When the news broke on Sunday night that Osama bin Laden had been captured and killed, Chris Egan, an investment banker based near the New York Stock Exchange, said he almost slept through it. But Egan was far from sleep on the morning of Sept. 11, 2001 almost ten years ago.
Egan worked in One World Trade Center, the first building that was struck by a terrorist-hijacked plane, and was able to make it out of the building alive. But like many professionals still based in lower Manhattan, the memory of that 2001 morning lingers. On Monday, the atmosphere in the streets of the financial district was mostly business as usual, with the usual throngs of tourists and financial professionals milling through the streets. But an increased press presence hinted at the bigger news of the day.
“I think people are smiling a lot,” Egan said Monday morning in front of the Broad Street office of Clearstream Banking, where he works. “Psychologically, I think it’s huge. I think it justifies our intelligence organizations. It justifies our troops being there. It justifies a lot of things. It would have been nice, obviously, if it had happened sooner.”
Egan said he could not see the plane when it struck his building on September 11, 2001, but definitely heard it. Then, the building swayed to the left and to the right and, for a moment, Egan thought it would topple. Then came the procession down the stairs, which Egan said was well organized, with very little panic.
“We basically hit Broadway when Tower Two came down, so we had literally just gotten out of the building,” Egan said. “So I didn’t really see Tower Two come down, I heard Tower Two come down. And so the second, Tower One, I did see come down. At that point, I was in Chinatown.”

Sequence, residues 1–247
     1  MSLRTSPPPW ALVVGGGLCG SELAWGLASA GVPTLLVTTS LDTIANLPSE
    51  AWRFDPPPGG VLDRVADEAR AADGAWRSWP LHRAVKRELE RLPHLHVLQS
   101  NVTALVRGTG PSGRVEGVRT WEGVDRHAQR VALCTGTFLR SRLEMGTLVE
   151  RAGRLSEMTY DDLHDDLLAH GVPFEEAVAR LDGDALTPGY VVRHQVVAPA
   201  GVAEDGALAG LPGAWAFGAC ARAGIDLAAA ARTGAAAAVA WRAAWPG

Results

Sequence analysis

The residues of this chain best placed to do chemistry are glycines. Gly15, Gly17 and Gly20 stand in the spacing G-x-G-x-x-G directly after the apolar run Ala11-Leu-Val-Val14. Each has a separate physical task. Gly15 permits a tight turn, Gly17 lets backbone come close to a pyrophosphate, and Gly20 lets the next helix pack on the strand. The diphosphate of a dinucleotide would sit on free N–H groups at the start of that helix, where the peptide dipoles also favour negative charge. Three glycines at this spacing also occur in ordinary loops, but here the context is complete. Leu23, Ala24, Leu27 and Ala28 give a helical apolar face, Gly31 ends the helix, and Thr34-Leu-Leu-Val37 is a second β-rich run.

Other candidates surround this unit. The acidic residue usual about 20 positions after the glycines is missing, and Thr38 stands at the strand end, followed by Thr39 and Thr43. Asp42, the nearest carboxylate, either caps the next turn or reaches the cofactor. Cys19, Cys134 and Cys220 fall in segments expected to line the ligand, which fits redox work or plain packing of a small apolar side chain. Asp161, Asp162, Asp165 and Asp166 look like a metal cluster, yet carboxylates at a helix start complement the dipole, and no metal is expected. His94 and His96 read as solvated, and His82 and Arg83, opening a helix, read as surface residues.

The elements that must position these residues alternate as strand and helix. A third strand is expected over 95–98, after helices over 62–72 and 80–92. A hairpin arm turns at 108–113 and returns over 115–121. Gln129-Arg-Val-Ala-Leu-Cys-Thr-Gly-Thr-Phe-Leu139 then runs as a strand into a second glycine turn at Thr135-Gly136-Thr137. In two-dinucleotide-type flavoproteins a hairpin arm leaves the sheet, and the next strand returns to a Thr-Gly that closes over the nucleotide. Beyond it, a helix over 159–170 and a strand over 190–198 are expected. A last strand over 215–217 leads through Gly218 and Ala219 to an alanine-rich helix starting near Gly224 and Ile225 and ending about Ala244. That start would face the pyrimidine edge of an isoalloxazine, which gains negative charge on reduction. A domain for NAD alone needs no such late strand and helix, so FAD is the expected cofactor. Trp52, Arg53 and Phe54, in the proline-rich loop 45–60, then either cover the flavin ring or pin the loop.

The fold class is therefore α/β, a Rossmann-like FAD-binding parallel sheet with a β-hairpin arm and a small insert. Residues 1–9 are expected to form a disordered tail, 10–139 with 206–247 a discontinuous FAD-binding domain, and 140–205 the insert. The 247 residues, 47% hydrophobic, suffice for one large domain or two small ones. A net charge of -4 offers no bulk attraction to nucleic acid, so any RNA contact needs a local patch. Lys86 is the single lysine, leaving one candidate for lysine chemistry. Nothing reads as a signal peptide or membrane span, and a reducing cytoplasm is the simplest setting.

Egan said he received a host of phone calls with the bin Laden news. Moments like this news or his participation in the documentary “Colliding Lives,” which is green lit by the Learning Channel, bring the memories of that day back, he said.
“[But] an eye for an eye and a tooth for a tooth, you can’t bring the people back,” Egan said.
A Wall Street equities trader, who declined to be named for this story, said he also felt mixed emotions on Monday. On Sept. 11, 2001, he traveled through the World Trade Center’s PATH trains, and witnessed the events from his Jersey City, N.J. office, where he worked at that time. Today, the streets near the stock exchange might have been quieter and more contemplative than on other days, he said.
“If it brings back any sense of closure to the victims, then that’s a good thing,” he said. “But unfortunately it’s not like a chess game where you capture the king and it’s over.”
In the days immediately following the 2001 attacks, the atmosphere around lower Manhattan was depressing and people were very shell-shocked, said David Tyler, an attorney at American Express. At that time, Tyler worked for a law firm located one block from the World Trade Center. One of the attorneys from his firm went into the buildings to help and never made it out. The information about bin Laden was happy news, Tyler said.
“Things have kind of gotten back to normal,” Tyler said. “There’s that reminder always with that hole in the ground. I think that once that’s built and now that they’ve gotten bin Laden, I think there will be a little more closure for people.”
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